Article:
7. Garlic may help suppress allergies

A 2014 study published in the Journal of Medicinal Food, found that the compound ethyl acetate in aged garlic extract may suppress the immune protein FceRI, which is connected with the rise of inflammatory markers during allergic responses. Also, AGE inhibits the release of histamine, which may prevent allergic reactions.

8. It helps fight cancer

The anticancer properties of garlic are among the most researched topics in either traditional or alternative medicine. Studies continue to successfully demonstrate garlic’s therapeutic effects on lung, liver, breast, stomach, esophagus, skin, colon – and even brain cancers.

Concerning the last, researchers at the Medical University of South Carolina (MUSC) discovered that yet another compound in garlic – diallyl trisulfide (DATS) – serves as a potential weapon against glioblastoma. Glioblastoma is the most aggressive type of brain cancer, with a life expectancy of just around 14 months.

9. Garlic has anti-aging properties

Research shows that topical application of garlic extract may produce anti-aging effects due to its ability to increase the growth and lifespan of skin cells. A study published in the Journal of Ethnopharmacology found that adding garlic extract into skin cell cultures resulted in “some youth-preserving, anti-aging, and beneficial effects” due to garlic’s seeming ability to synthesize new skin cells.

Like many others, the study also notes garlic’s potential to inhibit cancer cells, concluding “the results of (this study) have applications for both anti-aging and anti-cancer research.”

10. It lowers cholesterol levels

In a 2013 meta-analysis of 39 primary trials published in the journal Nutrition Reviews, researchers from the University of Adelaide (Australia) conclude that garlic is effective in reducing serum cholesterol. Per the study, it also reduces LDL (bad) cholesterol in individuals with elevated cholesterol levels. The study notes that the reduction of cholesterol levels found in the study equates to a 38 percent lower risk of a coronary event at age 50.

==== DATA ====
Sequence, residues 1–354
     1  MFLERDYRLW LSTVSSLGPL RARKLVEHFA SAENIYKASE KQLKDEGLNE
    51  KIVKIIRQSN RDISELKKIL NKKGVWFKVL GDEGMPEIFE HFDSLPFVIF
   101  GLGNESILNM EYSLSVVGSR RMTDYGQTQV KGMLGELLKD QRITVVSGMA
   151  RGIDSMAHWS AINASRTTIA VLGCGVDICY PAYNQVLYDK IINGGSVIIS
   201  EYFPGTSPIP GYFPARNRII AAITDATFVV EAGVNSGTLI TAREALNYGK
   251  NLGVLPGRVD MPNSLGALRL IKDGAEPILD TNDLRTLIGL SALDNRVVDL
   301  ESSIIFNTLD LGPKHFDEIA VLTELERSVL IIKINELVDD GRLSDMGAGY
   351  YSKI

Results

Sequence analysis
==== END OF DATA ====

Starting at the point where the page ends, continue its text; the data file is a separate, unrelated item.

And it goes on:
However, the researchers note, garlic treatments may only be minimally effective in improving HDL cholesterol levels and triglycerides.

11. Garlic prevents obesity

Multiple studies have shown that garlic may reduce body weight and fat storage. Scientists have observed that garlic acts on two types of proteins – AMPK and uncoupling proteins – in fat, liver, and muscle tissue. It appears to convert certain macronutrients into energy as opposed to storing them as fat.

A compound in garlic, ajoene, is thought to actively decrease fat tissue by generating hydrogen peroxide, which in turn actives protein kinases that neutralize fat cells.


Final Thoughts on the Health Benefits of Garlic

Need we say more? Let’s just close with this thought. You can buy fresh garlic bulbs at almost any grocery store, for only a small percentage of what you would spend on even simple cough or flu medication.

Whether diced or crushed, it adds a great flavor to many dishes. It also gives you an immune system boost at the same time. So what are you waiting for? Start enjoying the natural, and tasty benefits of garlic with your next meal!

[Note: the information found in this article is not meant to serve as medical advice. Ensure you consult your primary care physician before starting, stopping, or making changes to your current medical or health care plan.